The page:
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Doctors say suicides among children are up due to coronavirus pandemic

Some signs of suicide include a drastic change in mood, loss of interests, or reckless behavior.

CHARLOTTE, N.C. — Charlotte-area doctors have a warning about an alarming rise in the number of children trying to harm themselves.

Some kids are back in school with new social distancing guidelines while others are still learning remotely. Parents in both situations are concerned about the mental and emotional toll the pandemic is having on their children.

Doctors in the Carolinas say children are greatly struggling with the pandemic leading to an increase in suicides. 

"People are more depressed, more anxious," said Kate Penny, a program coordinator of Zero Suicide at Atrium Health

"There are so many people needing our help right now and seeking care all of our hospital beds are full," said Jennifer Ziccardi, RN, vice president and chief nurse executive of Behavioral Health at Atrium Health.

At Atrium Health, their psychiatric emergency department adolescent admissions increased by 28% from April 2020 to July 2020.

"It's the hopelessness that really makes people not see a way out of the situation they're in," Wayne Sparks, Senior Medical Director at Atrium Health

Some signs of suicide include a drastic change in mood, loss of interests, or reckless behavior.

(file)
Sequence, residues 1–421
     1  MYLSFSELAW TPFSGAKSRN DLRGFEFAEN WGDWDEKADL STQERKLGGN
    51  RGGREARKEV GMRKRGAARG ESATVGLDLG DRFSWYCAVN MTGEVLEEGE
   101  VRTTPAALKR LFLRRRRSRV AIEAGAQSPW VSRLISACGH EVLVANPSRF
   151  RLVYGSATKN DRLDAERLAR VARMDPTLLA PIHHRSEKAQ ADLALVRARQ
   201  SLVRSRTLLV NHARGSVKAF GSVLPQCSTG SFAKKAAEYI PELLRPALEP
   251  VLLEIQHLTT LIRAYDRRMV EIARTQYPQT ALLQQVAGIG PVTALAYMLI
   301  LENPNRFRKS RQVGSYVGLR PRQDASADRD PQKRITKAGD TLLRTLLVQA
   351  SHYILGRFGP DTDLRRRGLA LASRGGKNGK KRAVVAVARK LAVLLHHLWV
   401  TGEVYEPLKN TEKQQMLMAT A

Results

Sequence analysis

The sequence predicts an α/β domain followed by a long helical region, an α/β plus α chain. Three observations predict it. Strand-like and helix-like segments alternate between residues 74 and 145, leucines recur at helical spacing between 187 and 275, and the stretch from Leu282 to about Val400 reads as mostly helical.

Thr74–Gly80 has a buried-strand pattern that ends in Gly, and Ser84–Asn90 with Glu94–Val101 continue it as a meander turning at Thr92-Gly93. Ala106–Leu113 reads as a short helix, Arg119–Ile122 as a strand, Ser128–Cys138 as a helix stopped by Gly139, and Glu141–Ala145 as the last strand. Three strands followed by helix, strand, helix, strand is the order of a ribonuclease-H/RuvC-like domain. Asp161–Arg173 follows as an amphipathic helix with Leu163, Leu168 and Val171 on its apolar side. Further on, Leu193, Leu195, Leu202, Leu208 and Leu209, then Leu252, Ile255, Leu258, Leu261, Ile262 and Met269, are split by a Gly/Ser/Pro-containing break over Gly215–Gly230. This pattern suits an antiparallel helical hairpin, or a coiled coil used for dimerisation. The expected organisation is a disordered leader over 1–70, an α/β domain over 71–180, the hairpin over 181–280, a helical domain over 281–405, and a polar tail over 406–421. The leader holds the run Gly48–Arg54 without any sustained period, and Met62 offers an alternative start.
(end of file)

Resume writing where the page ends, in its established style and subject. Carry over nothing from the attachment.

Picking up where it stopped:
RELATED: Doctors concerned about daylight saving time depression combined with pandemic

Experts say suicide is a difficult topic to discuss, but an important one.

"Speak to the teen without any judgment, without any invalidation of their feelings, said Rodney Anthony Villanueva, a Psychiatrist at Atrium Health. "Ask them directly what's causing them to feel this way what's causing them to think about suicide?"

As we continue to face uncertain times, doctors say there are several ways to help prevent suicide in our community. For example, break the stigma and talk about suicide, ask someone if they're okay, call for help, post about suicide prevention on social media, and get trained in mental health first aid. 

If you or a loved one is attempting suicide, please call 911. Atrium Health’s Behavioral Health Help Line is available 24/7 for crisis assistance at 704-444-2400 or 800-418-2065.

Atrium Health also offers a free Mental Health First Aid (MHFA) course. 

Mental Health First Aid is an evidence-based eight-hour course that teaches attendees how to recognize and respond to signs/symptoms of suicide, mental illness and substance use disorders. Learn more about Atrium Health’s Mental Health First Aid program and register for a class online.

They also have a Zero Suicide initiative. Zero Suicide creates a network around each patient, assessing for suicidality at multiple points and with multiple providers throughout the care process, and collecting and sharing data.

RELATED: Gaston County organization promises mental health resources in less than 90 minutes